Israel is lauded for its impressive high tech achievements, but this is primarily for the development of technology, not its application or deployment. Actually, outside of the defense/security realm, Israel is often a laggard when it comes to the adoption of new technologies(I am excluding the Internet). Instead of the Israeli domestic market serving asa a laboratory for its start-ups and entrepreneurs, it has become a clear hindrance to their success. Nowhere is this situation more poignant than in the telecom and clean tech sectors, where Israeli companies are renowned for their innovation and trailblazing development, but where one must travel thousands of kilometers from Israel to witness their actual application. In fact, I believe there is a widening gap between what pioneering Israeli companies are developing for export today, and the point far in the future when Israel will adopt those home grown technologies.
While it is the role of private corporations and entrepreneurs to adopt and deploy new technologies, I place much of the blame with those government and regulatory bodies tasked with ensuring a competitive and progressive market. It’s not enough to belatedly deregulate and open markets to competition, as Israel has done in telecom. Israel must take the lead and guide its local companies so that they are partners in the development and deployment of technology, and not orphaned to export. This is most critical considering that Israeli technology companies are increasingly competing with companies in Korea, Japan and China, where government support and sponsorship borders on protectionism.
Everyone knows that Orckit sold DSL equipment long before Israeli consumers could enjoy broadband. Or that Israel is the home of the only publicly traded WiMAX company in the world, but has no intention of ever licensing spectrum for WiMAX services. It has been the same situation for Israeli companies pioneering fiber-to-the-home, WiFi, home networking, IPTV, High Definition broadcast(finally!), and mobile TV. And for every successful start-up that overcomes the apathetic or hamstrung local market, there are many more Israeli start-ups that were simply outdone by foreign competitors with inferior products, but who had benefactors in the form of domestic customers. Sweden, Korea, India and China come to mind when I think of countries where domestic start-ups work closely with domestic customers to build the product and start deployment. I am not calling for protectionist policies that favor local companies(although some modest patronage at the early stages wouldn’t hurt), but rather for a local market that can embrace advanced technology early on in tandem with start-ups to ensure that Israel as a country is at the forefront of technology.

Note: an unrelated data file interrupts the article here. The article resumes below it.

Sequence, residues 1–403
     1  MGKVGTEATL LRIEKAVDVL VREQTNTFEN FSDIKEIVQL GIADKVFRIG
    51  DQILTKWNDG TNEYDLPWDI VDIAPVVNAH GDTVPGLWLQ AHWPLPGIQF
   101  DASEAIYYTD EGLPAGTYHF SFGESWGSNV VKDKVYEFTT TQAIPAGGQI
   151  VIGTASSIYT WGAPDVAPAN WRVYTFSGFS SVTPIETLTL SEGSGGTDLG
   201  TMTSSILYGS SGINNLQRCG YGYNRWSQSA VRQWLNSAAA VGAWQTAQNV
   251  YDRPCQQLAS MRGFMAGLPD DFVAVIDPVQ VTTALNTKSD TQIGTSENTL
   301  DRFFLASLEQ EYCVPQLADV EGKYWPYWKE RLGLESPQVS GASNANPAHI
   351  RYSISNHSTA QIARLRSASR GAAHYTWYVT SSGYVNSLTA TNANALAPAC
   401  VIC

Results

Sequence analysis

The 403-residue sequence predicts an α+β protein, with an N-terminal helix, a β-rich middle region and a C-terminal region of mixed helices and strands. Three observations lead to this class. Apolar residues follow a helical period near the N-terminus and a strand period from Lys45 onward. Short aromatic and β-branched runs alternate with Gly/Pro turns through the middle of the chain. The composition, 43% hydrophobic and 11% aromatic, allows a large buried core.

I am hopeful that Israel will eventually adopt most of the technology it produces and allow its citizens to enjoys the fruits of its engineering feats, but at the same time I am fearful how foot dragging and bureaucracy can harm our industry. The recent headline about Israeli Ministry of Communications banning iPads is a sign of how myopic and obtuse the government can be. It’s easy to forget that WiFi and Bluetooth were banned outright in Israel until late 2003, despite the fact that Intel Israel was already shipping the Centrino processors or that Israeli start-ups Envara and Butterfly were pioneering these standards three years prior to their legalization.
Clean tech is actually a lot worse, for reasons that have no logical explanation. The country is still wholly dependent upon polluting fossil fuels, all of which are imported. Israel sells solar panel products, and now even solar panel companies, but cannot manage to get around to actually using the technology on a massive scale despite the abundance of sunlight. Despite claims to the contrary, Israel will never be a true clean tech power if it cannot rely on its domestic market for trials and deployment. Better Place may prove the exception, but if they succeed in Israel it will not be solely because of its unique approach or technology, but also because of its political and economic clout.
We often take the strong Israeli high tech sector for granted, but it does not excel in a vacuum. Just like we need a strong education system to produce the next generation of entrepreneurs, we need more competition and more government leadership to make Israel a true laboratory for innovation. In short, I want an Israeli government that is as visionary and ambitious in the usage of technology as the Israeli entrepreneurs that develop it.